Fowl were the first neognath lineages to evolve. From the limited fossils that have to date been recovered, the conclusion that they were already widespread - indeed the predominant group of modern birds - by end of the Cretaceous is generally accepted nowadays. Fossils such as Vegavis indicate that essentially modern waterfowl - albeit belonging to a nowadays extinct lineage - were contemporaries of the (non-avian) dinosaurs. As opposed to the morphologically fairly conservative Galliformes, the Anseriformes have adapted to filter-feeding and are characterized by a large number of autapomorphies related to this lifestyle. The extremely advanced feeding systems of the Anseriformes, together with similarities of the early anseriform Presbyornis to shorebirds, had formerly prompted some scientists to ally Anseriformes with Charadriiformes instead (see also "Graculavidae"). However, as strong support for the Galloanserae has emerged in subsequent studies, the fowl clade continues to be accepted as a genuine evolutionary lineage by the vast majority of scientists.

Apart from the living members, the Gastornithiformes are probably a prehistoric member of the Galloanserae.

Footnotes

References

  • (1999): Presbyornis isoni and other late Paleocene birds from North Dakota. Smithsonian Contributions to Paleobiology 89: 253-266.
  • (2004): New nuclear evidence for the oldest divergence among neognath birds: the phylogenetic utility of ZENK(i). Molecular Phylogenetics and Evolution 30: 140-151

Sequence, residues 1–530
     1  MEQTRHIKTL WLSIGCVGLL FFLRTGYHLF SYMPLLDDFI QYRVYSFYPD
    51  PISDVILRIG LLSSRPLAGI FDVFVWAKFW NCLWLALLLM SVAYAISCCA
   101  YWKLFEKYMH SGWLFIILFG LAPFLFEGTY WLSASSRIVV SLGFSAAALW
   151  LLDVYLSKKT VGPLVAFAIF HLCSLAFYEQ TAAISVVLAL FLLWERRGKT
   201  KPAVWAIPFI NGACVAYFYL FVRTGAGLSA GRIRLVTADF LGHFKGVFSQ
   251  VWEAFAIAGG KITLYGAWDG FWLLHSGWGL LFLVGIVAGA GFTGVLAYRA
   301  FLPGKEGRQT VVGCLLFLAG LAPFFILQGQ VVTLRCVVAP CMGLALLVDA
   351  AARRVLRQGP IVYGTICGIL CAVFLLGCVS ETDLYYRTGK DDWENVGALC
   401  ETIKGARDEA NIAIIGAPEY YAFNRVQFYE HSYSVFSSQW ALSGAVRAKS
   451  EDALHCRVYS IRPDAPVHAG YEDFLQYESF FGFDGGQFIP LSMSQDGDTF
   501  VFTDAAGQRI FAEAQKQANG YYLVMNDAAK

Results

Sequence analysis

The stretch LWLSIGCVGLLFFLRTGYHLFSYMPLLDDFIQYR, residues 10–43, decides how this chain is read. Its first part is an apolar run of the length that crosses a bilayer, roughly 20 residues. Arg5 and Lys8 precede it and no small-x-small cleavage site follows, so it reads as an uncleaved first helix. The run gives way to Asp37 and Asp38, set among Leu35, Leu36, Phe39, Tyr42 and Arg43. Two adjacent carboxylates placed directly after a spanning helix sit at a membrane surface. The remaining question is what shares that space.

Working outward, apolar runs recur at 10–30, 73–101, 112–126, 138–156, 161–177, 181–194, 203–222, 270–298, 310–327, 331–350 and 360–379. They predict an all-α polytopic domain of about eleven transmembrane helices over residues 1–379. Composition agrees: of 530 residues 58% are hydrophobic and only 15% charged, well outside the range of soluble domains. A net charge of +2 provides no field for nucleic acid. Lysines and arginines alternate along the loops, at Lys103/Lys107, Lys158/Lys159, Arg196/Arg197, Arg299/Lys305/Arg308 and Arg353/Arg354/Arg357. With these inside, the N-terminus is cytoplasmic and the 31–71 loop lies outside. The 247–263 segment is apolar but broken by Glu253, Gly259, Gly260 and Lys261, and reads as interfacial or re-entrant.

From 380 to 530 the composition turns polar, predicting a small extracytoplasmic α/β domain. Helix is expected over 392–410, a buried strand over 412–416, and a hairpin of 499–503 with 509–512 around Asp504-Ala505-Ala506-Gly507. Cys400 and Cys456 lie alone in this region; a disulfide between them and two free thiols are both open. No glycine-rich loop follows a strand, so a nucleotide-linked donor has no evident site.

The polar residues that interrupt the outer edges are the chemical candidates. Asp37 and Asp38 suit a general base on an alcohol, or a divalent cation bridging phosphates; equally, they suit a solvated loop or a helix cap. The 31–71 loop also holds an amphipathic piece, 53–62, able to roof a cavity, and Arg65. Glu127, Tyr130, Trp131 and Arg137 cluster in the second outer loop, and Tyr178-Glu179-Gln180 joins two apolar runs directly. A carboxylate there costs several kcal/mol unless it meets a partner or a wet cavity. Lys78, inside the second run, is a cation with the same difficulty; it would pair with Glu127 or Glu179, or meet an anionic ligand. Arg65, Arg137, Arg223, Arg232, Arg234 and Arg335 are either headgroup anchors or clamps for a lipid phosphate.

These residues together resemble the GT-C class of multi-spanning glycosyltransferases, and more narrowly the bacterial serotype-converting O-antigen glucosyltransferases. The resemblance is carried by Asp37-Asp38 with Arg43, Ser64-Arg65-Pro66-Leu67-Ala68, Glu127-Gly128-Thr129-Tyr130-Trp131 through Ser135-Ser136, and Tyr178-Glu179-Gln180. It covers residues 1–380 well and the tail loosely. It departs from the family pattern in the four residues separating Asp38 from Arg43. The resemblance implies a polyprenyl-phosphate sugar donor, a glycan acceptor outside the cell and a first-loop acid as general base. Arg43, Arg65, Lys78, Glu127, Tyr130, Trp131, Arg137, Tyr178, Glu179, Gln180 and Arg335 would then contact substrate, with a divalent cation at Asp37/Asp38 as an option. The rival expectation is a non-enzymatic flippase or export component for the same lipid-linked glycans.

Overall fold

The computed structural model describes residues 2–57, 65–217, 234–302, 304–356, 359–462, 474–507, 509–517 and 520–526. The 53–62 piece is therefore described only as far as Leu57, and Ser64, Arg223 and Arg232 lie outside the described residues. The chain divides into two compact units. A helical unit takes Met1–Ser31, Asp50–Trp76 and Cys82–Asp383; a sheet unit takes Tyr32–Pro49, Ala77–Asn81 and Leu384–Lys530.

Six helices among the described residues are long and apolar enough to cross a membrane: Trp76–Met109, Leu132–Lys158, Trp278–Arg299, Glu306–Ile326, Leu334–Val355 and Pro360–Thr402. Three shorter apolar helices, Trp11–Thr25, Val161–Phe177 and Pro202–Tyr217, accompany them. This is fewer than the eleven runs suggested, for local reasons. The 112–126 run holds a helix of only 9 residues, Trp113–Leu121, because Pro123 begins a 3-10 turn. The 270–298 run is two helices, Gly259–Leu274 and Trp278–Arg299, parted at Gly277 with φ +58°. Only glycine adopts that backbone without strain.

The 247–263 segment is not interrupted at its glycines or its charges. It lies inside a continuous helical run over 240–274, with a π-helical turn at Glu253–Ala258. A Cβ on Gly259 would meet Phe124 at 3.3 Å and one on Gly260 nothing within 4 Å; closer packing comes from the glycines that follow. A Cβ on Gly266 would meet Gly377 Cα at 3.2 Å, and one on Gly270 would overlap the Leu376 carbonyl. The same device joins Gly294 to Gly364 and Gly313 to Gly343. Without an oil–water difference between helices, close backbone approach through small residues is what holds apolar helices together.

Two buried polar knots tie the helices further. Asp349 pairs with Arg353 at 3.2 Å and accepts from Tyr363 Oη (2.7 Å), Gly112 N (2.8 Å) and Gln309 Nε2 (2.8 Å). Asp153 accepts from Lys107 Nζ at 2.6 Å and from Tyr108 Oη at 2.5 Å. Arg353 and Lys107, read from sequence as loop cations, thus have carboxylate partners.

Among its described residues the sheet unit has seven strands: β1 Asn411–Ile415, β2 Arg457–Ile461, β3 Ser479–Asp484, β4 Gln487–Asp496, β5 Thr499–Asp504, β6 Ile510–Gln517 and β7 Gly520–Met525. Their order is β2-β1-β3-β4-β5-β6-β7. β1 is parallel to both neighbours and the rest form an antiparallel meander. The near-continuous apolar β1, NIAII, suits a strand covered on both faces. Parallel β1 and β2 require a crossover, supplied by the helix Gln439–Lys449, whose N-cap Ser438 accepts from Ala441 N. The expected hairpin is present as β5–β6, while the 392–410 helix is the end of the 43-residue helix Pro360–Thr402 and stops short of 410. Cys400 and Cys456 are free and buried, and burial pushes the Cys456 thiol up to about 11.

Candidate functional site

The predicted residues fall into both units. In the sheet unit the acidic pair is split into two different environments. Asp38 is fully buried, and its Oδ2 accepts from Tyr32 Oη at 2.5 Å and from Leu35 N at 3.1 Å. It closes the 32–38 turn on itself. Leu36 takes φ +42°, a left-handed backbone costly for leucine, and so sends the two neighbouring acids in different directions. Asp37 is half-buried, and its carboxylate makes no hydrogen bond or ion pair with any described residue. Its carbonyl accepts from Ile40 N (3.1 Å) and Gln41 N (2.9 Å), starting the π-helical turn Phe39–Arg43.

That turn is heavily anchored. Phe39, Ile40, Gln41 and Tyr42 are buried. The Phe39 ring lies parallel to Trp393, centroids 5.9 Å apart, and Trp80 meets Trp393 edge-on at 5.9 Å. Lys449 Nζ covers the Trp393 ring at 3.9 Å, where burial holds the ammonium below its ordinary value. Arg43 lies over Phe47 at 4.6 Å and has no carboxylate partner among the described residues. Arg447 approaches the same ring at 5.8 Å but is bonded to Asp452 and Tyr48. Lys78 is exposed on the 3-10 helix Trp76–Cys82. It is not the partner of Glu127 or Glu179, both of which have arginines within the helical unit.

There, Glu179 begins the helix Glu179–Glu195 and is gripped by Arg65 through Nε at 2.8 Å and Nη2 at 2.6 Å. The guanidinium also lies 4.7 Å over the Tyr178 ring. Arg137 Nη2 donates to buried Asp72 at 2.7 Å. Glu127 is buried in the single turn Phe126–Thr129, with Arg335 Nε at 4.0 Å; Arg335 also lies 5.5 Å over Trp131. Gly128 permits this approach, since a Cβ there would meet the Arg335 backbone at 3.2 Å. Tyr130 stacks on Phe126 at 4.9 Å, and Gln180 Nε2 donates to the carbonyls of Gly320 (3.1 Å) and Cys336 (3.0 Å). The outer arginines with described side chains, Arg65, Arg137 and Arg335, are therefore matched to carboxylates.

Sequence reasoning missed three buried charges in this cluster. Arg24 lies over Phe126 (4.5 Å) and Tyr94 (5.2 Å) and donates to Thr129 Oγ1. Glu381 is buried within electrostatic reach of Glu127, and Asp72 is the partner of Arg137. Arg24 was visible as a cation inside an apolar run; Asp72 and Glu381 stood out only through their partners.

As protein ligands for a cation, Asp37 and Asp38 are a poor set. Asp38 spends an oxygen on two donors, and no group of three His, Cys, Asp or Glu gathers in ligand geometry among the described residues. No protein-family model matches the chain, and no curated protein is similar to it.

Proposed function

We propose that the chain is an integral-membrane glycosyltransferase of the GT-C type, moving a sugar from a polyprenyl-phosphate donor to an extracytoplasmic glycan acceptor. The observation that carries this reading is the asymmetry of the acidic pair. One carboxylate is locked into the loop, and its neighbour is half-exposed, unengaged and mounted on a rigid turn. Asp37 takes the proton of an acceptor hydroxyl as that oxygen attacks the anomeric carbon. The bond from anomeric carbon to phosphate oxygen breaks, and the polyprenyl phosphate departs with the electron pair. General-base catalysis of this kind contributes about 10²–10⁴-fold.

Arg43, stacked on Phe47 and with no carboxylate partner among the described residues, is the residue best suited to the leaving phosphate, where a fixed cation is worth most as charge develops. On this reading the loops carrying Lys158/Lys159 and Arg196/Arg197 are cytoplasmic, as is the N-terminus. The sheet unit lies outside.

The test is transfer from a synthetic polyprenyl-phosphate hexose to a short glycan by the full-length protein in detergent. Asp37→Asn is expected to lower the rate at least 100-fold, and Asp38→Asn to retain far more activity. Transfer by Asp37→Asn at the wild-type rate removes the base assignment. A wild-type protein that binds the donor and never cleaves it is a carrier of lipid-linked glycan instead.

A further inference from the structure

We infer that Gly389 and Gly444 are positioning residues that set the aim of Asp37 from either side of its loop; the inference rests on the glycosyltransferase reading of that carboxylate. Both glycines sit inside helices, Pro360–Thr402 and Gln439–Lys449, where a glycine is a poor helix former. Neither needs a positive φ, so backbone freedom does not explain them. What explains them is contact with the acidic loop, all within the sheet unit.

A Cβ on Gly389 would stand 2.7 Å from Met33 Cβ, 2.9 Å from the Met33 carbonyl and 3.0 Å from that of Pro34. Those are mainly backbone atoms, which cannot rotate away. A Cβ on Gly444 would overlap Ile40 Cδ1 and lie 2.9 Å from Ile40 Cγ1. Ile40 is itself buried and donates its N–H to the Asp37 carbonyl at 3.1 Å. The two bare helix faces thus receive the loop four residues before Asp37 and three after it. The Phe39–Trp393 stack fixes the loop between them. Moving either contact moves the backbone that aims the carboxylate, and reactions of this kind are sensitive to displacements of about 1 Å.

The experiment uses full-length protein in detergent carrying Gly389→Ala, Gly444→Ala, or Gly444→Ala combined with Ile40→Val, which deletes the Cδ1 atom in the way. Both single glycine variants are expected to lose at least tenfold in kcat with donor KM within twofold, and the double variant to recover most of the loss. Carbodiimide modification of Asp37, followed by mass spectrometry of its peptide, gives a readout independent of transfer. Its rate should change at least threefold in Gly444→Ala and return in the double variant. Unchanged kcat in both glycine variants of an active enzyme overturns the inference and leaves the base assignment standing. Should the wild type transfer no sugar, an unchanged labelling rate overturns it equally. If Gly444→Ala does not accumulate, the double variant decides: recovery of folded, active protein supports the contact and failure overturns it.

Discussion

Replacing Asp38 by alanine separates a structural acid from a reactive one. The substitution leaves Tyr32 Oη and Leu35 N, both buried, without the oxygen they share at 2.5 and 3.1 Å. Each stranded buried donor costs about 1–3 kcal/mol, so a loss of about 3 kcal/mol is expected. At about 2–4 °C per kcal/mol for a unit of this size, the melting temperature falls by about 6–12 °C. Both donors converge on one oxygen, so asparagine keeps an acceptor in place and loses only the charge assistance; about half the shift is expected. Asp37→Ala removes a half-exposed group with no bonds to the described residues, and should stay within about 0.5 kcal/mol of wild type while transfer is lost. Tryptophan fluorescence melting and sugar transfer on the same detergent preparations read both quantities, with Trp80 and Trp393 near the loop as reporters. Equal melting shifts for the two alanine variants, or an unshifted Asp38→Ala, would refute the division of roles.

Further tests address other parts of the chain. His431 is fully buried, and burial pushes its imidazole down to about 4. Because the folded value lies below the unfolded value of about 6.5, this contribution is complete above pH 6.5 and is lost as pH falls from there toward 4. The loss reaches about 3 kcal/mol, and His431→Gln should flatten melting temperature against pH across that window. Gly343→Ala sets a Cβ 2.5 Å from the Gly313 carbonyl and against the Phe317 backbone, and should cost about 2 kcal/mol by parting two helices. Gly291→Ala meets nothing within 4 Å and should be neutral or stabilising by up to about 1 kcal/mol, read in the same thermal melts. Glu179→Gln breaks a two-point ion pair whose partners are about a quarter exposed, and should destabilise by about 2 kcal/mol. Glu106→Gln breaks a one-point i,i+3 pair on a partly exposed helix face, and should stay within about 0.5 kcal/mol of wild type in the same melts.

• (2008): Galloanserae: A Critical Examination Version of 2008-05-21. Retrieved 2008-06-15.
  • (1999): The Origin and Evolution of Birds, Second Edition. Yale University Press, New Haven.
  • (2007): Waves of genomic hitchhikers shed light on the evolution of gamebirds (Aves: Galliformes). BMC Evolutionary Biology 7: 190 (Fulltext).
  • (2005): Phylogeography of the Mallard (Anas platyrhynchos): Hybridization, dispersal, and lineage sorting contribute to complex geographic structure. Auk 122 (3): 949-965. [English with Russian abstract] DOI: 10.1642/0004-8038(2005)122[0949:POTMAP]2.0.CO;2 PDF fulltext Erratum: Auk 122 (4): 1309. DOI: 10.1642/0004-8038(2005)122[0949:POTMAP]2.0.CO;2
  • (1988): A classification of the living birds of the world based on DNA-DNA hybridization studies. Auk 105: 409-423.